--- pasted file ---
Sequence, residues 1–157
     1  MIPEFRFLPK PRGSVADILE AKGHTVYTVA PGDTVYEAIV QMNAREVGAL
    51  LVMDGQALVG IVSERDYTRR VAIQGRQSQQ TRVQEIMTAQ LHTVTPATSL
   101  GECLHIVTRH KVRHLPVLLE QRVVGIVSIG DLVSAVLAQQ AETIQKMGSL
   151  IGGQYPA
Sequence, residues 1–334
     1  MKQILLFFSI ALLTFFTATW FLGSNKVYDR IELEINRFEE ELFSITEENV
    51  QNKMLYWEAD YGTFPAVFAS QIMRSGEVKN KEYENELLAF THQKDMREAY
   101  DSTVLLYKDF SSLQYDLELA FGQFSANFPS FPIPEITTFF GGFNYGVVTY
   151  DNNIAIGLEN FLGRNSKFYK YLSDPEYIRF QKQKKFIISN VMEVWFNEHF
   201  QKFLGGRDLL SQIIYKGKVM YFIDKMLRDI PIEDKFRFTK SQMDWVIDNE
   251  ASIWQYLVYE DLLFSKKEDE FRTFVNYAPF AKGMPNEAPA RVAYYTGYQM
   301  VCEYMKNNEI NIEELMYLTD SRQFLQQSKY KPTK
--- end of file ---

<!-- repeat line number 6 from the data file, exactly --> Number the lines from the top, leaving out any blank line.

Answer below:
Sequence, residues 1–334